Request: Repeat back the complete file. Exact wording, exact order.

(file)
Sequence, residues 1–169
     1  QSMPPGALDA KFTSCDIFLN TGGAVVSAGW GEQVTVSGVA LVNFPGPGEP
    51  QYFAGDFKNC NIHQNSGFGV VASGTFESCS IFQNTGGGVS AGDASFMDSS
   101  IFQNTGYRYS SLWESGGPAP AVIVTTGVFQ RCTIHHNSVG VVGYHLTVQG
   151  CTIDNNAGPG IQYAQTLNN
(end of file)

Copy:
Sequence, residues 1–169
     1  QSMPPGALDA KFTSCDIFLN TGGAVVSAGW GEQVTVSGVA LVNFPGPGEP
    51  QYFAGDFKNC NIHQNSGFGV VASGTFESCS IFQNTGGGVS AGDASFMDSS
   101  IFQNTGYRYS SLWESGGPAP AVIVTTGVFQ RCTIHHNSVG VVGYHLTVQG
   151  CTIDNNAGPG IQYAQTLNN